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August/September 2016 (vol. 13/2)

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Research Plus

PTSD risk for terror attack rescue workers

Professional rescue workers experienced lower rates of post-traumatic stress symptoms (PTSS) and posttraumatic stress disorder (PTSD) than unaffiliated volunteers dealing with the aftermath of the 2011 terror attacks in Norway, when 77 people died following a car bomb and subsequent mass shooting at a youth camp. The study involved 1,790 people, including healthcare workers, police, fire-fighters, volunteers from voluntary rescue organisations and unaffiliated volunteers. Questionnaires were completed 10 months after the attacks. Prevalence of sub-threshold PTSD ranged from 1%–3% for the various professional and affiliated rescue personnel groups, but was 24% for unaffiliated volunteers; prevalence of possible PTSD was 0.2%–2% for professionals/affiliates and 15% for unaffiliated volunteers. Female gender, witnessing injured/ dead victims, perceived threat, perceived obstruction in rescue work, lower level of previous training and being an unaffiliated volunteer were associated with higher PTSS risk (p <0.001 for all comparisons). Previous work experience of similar tasks, training in similar tasks, sense of achievement and role clarity were associated with lower PTSS risk.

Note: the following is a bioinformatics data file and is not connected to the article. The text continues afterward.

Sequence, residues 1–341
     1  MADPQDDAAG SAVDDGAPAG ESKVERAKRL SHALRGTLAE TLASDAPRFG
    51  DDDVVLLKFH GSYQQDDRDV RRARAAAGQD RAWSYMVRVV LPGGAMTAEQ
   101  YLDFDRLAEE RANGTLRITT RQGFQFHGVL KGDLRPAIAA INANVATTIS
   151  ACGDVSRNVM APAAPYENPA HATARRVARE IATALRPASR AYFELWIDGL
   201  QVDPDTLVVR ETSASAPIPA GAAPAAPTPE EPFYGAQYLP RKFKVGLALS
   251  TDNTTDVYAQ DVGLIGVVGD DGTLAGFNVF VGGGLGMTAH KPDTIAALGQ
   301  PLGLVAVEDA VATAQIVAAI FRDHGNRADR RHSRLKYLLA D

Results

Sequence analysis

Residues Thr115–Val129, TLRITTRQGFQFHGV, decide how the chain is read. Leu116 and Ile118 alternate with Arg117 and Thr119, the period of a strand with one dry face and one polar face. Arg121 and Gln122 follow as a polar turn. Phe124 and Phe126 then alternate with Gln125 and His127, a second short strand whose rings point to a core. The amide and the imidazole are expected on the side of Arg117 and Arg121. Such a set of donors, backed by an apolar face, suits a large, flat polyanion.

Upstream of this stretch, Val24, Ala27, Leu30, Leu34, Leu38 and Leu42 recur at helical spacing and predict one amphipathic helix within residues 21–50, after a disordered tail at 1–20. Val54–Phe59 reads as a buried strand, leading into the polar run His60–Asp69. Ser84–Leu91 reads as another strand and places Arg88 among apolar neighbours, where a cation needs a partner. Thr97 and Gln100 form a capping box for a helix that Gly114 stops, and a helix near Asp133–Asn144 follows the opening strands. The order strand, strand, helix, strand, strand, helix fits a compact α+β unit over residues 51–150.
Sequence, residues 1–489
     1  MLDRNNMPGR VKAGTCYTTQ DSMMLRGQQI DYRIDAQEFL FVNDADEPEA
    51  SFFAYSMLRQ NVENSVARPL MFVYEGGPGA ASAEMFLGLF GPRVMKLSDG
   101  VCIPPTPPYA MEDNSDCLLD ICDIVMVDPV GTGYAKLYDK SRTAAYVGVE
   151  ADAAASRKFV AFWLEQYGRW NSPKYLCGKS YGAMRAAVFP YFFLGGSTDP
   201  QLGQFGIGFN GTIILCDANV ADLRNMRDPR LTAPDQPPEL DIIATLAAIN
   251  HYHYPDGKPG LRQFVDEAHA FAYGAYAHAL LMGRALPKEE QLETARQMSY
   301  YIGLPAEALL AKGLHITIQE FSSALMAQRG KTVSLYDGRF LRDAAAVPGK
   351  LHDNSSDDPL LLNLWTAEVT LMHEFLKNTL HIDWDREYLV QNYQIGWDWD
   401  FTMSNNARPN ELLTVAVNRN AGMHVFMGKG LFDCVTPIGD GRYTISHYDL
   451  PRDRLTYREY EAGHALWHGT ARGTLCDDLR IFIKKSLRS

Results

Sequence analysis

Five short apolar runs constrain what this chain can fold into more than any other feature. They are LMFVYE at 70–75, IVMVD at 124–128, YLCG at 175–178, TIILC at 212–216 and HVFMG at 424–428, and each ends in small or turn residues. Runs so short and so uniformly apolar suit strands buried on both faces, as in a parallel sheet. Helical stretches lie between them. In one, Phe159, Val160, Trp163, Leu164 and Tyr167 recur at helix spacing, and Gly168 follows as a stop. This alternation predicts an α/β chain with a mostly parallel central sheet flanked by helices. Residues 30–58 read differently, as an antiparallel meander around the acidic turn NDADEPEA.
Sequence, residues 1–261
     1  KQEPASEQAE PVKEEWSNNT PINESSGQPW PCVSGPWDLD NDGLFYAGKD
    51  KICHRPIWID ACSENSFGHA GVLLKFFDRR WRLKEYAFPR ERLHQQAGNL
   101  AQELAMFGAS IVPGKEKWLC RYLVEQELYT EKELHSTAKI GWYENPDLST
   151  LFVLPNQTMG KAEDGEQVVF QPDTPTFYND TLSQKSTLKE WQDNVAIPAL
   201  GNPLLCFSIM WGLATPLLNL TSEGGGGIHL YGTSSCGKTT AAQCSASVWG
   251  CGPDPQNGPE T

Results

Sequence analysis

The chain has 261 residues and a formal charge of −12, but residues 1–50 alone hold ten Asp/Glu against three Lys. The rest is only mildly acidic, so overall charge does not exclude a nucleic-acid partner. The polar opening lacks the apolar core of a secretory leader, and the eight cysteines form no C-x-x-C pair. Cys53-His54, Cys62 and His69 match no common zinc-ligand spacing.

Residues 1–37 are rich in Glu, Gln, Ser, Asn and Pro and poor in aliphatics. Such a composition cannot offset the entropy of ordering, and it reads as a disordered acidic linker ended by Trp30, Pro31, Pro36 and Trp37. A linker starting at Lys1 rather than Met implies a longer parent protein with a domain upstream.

1. Occupational Medicine 2016; online first: doi: 10.1093/occmed/kqw063.

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Occupational Health at Work August/September 2016 (vol. 13/2) pp41